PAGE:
The Book of Jonah

Discussion in 'Baptist Theology & Bible Study' started by evangelist6589, Jul 19, 2014.

  1. evangelist6589

    evangelist6589
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    I am diving into my study in preparation for my lesson sometime in August, and also one that won't be divisive. This is a unique study for me and most on this board, since about all people ever debate around here is Theology. Few seem to dive into textual criticism, and Biblical studies. I am using a commentary on the book by Henry Morris whom takes a verse by verse approach, rather than a theological approach that some have taken in other books. When I do my outline for the class I'd like to cover the facts of the book and one major fact being that no historical nor archeological evidence has been found to support the book, and the fact that there are many scholars that believe the book to be an allegory. However the Lord Jesus himself declared the book true and put to rest all the books written by liberal scholars.

    How would you do an introduction to Jonah?
     
  2. Scarlett O.

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    I've taught the book of Jonah to womens' groups and to 6th graders.

    I would open it up by challenging them to think of this book as more than just a story about a man in a whale's belly and more than just a town repenting.

    Jesus, Himself, used the story as revelation to the Pharisees of the "bigger picture" of it all. He said that the men of Nineveh would rise up at the great judgment in condemnation of the generation who rejected Jesus while He was on earth.

    It's about God's will that none should perish.

    And, to me, it's about Christians getting their collective acts together and getting on board with God's plans.

    We can be in no better place than the center of God's will. And ANY place else we choose to be that is not in God's will is center of the whale's belly. And when Christians get accustomed to be spiritually lazy, vain, and stupid ...

    ...we can't even tell the "whale" had swallowed us whole.

    We will either be in God's will or in the "whale's" belly.

    There is no middle and comfortable ground.
     
  3. Jkdbuck76

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    What??? Archaeologists have dug up Nineveh. It is a large, 3 sub-city area. It is vast. How many days did it take for Jonah to preach to the entire city?
     
  4. Deacon

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  5. evangelist6589

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    He has been endorsed heavily by Answers in Genesis but I do realize he is not a Bible scholar, just a creation apologist. This may be like having Ray Comfort or Paul Washer write a commentary. Sure they could pen one up, but the quality may not be there. But none the less I look forward to your book, thank you.

    One thing I also want to hit on is the nature of the Assyrians and the Ninevites and what they did to people. Based on another source I see that they chopped of hands, heads, feet, and plucked out eyes of their victims. They loved bloodshed and loved to murder people, but not only that torture their victims for pleasure. Jonah hated them not because he was afraid to die, but because he was afraid they would replace Israel if they repented. Still reading...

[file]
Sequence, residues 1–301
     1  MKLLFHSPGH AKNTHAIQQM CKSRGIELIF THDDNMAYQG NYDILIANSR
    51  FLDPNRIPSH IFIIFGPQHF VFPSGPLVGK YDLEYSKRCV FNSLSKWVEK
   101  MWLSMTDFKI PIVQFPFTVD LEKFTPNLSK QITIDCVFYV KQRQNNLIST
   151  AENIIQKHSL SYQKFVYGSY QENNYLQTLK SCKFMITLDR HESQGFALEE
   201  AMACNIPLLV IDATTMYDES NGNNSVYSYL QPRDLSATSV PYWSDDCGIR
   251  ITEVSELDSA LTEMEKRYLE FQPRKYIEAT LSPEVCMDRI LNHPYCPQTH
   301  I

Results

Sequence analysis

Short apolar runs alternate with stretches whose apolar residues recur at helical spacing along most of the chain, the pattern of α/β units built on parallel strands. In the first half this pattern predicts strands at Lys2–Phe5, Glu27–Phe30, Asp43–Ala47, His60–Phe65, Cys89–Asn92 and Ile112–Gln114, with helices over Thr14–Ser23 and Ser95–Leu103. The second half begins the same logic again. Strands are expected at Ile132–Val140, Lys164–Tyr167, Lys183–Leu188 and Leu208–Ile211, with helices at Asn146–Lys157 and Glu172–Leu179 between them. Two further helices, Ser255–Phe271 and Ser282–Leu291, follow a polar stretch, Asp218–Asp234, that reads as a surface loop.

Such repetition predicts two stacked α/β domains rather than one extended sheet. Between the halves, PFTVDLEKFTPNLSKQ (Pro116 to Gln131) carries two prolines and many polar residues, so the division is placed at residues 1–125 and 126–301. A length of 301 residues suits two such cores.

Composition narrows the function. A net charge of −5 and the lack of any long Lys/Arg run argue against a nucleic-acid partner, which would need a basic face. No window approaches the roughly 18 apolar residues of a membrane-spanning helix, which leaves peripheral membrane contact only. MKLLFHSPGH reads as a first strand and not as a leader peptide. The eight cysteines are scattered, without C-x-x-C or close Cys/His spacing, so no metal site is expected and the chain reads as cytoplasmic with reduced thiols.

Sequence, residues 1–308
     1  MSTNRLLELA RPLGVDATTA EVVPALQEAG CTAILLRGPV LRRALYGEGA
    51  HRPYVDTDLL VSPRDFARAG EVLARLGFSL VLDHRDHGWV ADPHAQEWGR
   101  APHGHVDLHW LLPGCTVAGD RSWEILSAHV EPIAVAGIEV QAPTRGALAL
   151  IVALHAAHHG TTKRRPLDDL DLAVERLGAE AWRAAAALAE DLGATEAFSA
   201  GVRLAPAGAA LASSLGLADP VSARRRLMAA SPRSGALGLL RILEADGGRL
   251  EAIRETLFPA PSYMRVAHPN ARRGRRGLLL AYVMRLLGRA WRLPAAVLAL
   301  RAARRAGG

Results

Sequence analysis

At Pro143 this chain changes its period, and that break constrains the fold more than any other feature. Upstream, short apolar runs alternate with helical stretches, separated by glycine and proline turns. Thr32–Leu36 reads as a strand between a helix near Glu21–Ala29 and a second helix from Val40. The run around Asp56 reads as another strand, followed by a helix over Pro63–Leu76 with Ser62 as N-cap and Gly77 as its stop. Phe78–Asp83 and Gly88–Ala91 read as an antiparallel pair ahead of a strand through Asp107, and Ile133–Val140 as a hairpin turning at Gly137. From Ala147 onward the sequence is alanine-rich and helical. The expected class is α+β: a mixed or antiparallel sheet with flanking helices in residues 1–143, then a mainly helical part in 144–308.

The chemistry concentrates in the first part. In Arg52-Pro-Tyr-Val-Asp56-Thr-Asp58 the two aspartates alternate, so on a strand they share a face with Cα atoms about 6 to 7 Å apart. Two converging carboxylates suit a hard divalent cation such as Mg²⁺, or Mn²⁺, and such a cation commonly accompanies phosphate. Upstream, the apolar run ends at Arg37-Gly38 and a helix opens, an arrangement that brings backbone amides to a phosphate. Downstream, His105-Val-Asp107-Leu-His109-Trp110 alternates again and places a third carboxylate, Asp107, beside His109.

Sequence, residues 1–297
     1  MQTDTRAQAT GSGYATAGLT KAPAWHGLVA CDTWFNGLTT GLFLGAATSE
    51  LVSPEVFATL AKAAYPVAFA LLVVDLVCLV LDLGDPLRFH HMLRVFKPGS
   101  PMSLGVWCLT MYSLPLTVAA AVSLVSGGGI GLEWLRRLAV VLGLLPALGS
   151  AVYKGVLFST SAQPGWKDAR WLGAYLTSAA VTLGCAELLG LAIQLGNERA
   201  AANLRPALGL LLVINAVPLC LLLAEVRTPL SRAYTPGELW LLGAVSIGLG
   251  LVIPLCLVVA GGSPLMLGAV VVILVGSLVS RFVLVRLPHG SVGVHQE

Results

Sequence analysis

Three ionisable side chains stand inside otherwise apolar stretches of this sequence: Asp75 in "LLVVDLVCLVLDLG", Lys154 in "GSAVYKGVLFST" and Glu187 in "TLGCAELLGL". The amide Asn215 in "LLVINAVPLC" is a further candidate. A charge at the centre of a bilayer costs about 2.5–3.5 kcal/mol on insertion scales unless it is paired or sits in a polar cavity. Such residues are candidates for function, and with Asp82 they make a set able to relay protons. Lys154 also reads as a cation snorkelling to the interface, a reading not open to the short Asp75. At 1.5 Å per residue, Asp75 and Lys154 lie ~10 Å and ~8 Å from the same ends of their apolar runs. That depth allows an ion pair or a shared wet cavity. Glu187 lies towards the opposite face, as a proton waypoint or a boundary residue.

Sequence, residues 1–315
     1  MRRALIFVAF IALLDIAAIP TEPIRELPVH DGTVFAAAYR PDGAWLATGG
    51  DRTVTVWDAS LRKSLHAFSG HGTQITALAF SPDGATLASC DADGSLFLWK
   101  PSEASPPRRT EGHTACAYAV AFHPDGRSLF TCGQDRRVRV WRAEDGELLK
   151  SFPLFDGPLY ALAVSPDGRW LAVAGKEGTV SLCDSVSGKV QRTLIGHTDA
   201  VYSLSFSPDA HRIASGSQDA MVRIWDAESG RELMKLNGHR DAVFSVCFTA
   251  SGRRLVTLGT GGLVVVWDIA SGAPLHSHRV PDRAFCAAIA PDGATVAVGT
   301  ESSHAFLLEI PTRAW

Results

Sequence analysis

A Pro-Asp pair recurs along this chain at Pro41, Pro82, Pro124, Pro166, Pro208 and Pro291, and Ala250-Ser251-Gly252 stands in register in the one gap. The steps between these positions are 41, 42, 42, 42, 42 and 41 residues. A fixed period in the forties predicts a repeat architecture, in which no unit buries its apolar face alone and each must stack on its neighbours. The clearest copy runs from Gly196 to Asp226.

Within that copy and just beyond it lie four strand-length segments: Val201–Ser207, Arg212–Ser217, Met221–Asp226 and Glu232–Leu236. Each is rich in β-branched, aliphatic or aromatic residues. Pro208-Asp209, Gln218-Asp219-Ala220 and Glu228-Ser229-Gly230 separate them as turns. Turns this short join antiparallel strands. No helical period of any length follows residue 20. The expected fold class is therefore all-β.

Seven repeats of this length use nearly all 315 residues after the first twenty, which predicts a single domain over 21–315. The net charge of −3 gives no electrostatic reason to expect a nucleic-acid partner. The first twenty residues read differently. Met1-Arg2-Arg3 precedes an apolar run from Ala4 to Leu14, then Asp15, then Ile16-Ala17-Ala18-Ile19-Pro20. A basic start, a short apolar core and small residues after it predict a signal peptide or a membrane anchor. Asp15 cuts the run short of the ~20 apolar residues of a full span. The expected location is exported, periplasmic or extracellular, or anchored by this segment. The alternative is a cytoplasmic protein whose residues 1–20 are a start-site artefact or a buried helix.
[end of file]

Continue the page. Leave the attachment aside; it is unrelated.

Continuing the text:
Calvinists can learn allot from Arminian as since they are the ones whom have written the majority of biblical studies books.
     
    #5 evangelist6589, Jul 19, 2014
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  6. evangelist6589

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    This must have been post 2003
     
  7. Jkdbuck76

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    No. Take a look at the archaeological supplement in the Thompson Chain Reference Bible. Even J Vernon McGee was talking about the archaeology of Nineveh years ago.
    It is across the river from Mosul. It says that Henry Austin Layard visited it in 1845 and surveyed it and even found Sennacherib's palace. In 1853, Harmuzd Rassam (an Irish guy with a name like that) uncovered the palace of King Ashurbanipal. George Smith was sent there to discover the completed Chaldean account of The Flood....in 1876, he published it in a book called "Chaldean Account of Genesis." So, yes Virginia....there IS an archaeological record of Nineveh.
     
    #7 Jkdbuck76, Jul 19, 2014
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  8. evangelist6589

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    Okay Morris was wrong. Bye the way I do not have that study Bible. Whats it about? Does to have pictures?
     
  9. Rippon

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    What did I tell you about your use of whom evan? You need to go on a low-whom diet.

    In contrast to what you said above --Calvinists have writtem much more in the realm of Bible studies and commentaries. An Arminian preacher --who called himself an Arminian with no prompting from me acknowleged that in his srmon preparations most of his study materials were of Calvinistic origin.

    James Montgomery Boice, in his treatment of the minor prophets is excellent.
     
  10. evangelist6589

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    Spelling error in bold. Yes I saw that commentary on amazon and its from a Reformed perspective. However since I will only be teaching one class and already got a commentary and a brother is sending me another commentary I will have to go with that. Also remember that I have the CrossWay ESV Study Bible which is an excellent resource.